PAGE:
Leadership Series | Guest Blog Post | Weston Merrill

Post by Weston Merrill

Weston

I was asked to write a blog post about my leadership brand. What intimidated me most were the words “blog post”! This relates to my leadership brand because my brand is difficult to define. I am all about being the maker of your own destiny. Whether we believe it or not at the end of the day we have control over how successful we will be. This includes how we feel about ourselves and others.

My brand is not something that has one ingredient or that can even be defined in one word. It’s much bigger than a blog post. The only way I can describe it would be that it can’t be contained and that it’s contagious, watch out!!!!!!!! The word that comes closest to adequately describing what my brand is ” animo” which is a Spanish word that doesn’t have a direct English translation but means excitement and energy! It’s an ever changing and adapting attitude so that you are not stagnate or stuck on one way to do things or way of thinking.

Developing and living my leadership brand is a lifelong process. Being able to objectively look at people, things or situations so as not to be confined by outside stigmas or presumptions. I know my brand fits me and is all mine. My involvement in the leadership series is giving me an opportunity to grow and learn from others. It’s helping me to put into practice what I just talked about. Look at others and their brands objectively and not subjectively. I’m excited to learn from fellow members of the leadership series this year and far into the future! The opportunity to network with people who are like me and NOT like me is so rewarding. I’m excited to hit the world with my brand.

My goal for the leadership series is to get my brand burning hot enough that it leaves a lasting mark when I stick it on the cow hide!

The Leadership Series is made possible through the support of MSGA’s Research Education and Endowment Foundation. Want to learn more about our Leadership Series? Check out the website or email kori@mtbeef.org.

Leadership Series | Guest Blog Post | Casey Knudsen

 

Post by Casey Knudsen

Casey

Leadership has always been an important concept to me.  Growing up heavily involved in sports, I realized early on that without an efficient and empathetic leader, a team cannot perform to its full potential.  This understanding of group dynamics between a team and its leader has carried over with me from sports and other extracurricular activities into my post-secondary education and professional endeavors.  I strive on a daily basis to lead by example. I do not always meet my goal, but I believe that the ability to self-examine, understand where I am deficient, and try to improve in those areas is important in any leadership role.

I also believe that a leader cannot be above any task that a team is presented with, whether that task is time-consuming or uneventful.  A team is much more likely to trust in their leader and perform even the most menial job when they know that their leader is willing to do the same.  As I said before, many of these leadership skills I learned when involved in sports.  I do not believe that sports are the most important thing in a high-schooler’s life, but they are a very vital method of teaching young people how and how not to be an effective leader later in life.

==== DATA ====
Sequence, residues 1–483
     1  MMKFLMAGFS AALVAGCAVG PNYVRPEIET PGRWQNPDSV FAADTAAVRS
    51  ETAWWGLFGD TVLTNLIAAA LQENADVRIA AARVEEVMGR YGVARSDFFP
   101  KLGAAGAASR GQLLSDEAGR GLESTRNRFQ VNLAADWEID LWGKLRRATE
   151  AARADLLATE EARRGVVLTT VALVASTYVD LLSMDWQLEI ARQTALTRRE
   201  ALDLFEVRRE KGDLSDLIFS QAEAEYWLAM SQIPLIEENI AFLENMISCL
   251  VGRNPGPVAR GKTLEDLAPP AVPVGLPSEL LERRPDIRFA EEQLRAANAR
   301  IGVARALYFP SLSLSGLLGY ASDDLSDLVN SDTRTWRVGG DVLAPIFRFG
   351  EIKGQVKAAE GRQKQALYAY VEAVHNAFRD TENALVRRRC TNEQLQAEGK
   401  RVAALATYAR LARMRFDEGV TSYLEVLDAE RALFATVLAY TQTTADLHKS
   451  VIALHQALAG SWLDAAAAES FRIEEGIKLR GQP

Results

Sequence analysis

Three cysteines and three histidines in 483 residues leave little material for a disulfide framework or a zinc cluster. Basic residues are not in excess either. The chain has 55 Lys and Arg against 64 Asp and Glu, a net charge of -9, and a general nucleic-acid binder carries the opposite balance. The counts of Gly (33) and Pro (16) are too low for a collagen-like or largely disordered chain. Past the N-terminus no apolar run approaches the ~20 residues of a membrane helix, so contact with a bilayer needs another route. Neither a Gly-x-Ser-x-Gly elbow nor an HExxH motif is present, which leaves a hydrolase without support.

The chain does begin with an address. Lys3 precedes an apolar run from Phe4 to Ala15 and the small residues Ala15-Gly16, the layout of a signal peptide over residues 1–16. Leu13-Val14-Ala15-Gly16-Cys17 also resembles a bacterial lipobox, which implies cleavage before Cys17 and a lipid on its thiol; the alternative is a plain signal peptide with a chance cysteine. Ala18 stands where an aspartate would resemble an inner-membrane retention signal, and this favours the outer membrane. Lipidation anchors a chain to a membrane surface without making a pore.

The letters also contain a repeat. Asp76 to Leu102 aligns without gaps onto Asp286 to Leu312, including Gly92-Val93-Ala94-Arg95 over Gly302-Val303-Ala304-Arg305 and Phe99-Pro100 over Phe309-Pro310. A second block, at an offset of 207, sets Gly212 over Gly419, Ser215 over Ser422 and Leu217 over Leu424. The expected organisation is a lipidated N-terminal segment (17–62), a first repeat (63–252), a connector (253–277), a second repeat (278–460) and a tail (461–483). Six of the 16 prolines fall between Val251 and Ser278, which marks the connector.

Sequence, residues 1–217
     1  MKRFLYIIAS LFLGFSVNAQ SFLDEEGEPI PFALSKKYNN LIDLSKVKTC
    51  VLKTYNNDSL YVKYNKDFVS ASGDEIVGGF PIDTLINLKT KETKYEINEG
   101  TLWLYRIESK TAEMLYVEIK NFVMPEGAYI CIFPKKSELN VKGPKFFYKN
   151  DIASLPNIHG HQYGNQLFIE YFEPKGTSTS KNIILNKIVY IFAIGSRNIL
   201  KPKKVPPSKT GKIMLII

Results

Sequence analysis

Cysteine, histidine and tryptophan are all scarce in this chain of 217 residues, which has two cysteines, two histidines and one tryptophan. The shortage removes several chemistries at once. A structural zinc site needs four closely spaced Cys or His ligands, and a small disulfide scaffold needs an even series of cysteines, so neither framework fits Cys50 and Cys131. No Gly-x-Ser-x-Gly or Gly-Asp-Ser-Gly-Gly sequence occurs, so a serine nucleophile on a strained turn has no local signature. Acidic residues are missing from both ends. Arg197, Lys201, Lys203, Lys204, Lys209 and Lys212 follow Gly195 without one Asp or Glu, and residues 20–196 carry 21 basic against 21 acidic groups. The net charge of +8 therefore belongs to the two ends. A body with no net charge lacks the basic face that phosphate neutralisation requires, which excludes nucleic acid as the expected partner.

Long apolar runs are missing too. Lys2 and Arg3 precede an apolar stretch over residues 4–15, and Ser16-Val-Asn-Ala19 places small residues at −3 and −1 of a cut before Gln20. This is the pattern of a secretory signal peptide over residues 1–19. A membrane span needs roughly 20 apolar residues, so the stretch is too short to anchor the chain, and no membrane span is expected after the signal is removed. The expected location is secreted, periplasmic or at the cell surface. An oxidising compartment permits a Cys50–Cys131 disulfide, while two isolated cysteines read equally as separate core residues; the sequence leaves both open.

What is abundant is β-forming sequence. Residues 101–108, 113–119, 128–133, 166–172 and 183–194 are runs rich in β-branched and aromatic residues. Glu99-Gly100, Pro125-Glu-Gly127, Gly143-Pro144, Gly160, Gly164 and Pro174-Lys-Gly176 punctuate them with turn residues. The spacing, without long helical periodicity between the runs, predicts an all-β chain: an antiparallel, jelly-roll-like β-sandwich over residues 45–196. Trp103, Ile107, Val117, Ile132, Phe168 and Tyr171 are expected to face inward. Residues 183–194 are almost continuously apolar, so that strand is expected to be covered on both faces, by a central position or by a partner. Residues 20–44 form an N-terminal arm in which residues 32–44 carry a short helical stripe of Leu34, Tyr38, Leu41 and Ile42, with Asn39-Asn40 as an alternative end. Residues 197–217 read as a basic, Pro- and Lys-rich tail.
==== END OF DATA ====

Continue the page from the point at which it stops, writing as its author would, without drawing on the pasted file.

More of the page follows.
In my experience, sports almost taught me how NOT to be a leader more than they taught me the correct way to lead.  I have had many great coaches in my athletic career, but it seems that the coaches that performed and treated their teams poorly had more of an impact on my leadership style than the good ones.  These poor coaches impressed on me the importance of being an empathetic leader and understanding the struggles of not only the above average team members, but the team members that need greater support as well.  Being a leader does not only mean utilizing your team as they are, but trying to improve your team and develop them into something greater.

Agriculture has also taught me a great deal about being a leader.  Work ethic has always been a heavily emphasized skill on the ranch, which translated into the professional world.  Working cattle has been a great teacher as well.  Being able to stay calm, cool and collected when working cattle is paramount, as the more upset you act, the wilder cattle tend to behave.  This is something every leader must understand, since being able to steel yourself in the face of adversity not only allows you to think straight yourself, but it keeps your team from breaking down.

Being involved in the Leadership Series has not only taught me valuable skills, it has proved to me that my leadership style can be effective.  This series has also shown me that no matter how good you think you might be at whatever you are doing, there is always room for improvement.

 

The Leadership Series is made possible through the support of MSGA’s Research Education and Endowment Foundation. Want to learn more about our Leadership Series? Check out the website or email kori@mtbeef.org.

Leadership Series | Guest Blog Post | Trina Bradley

2016 MSGA LEADERSHIP SERIES

Post by Trina Bradley

Trina

Last fall I applied and was accepted into the inaugural Montana Stockgrowers Leadership Series, which is a year-long “class” that will help mentor and develop fourteen young ag leaders from across the state of Montana.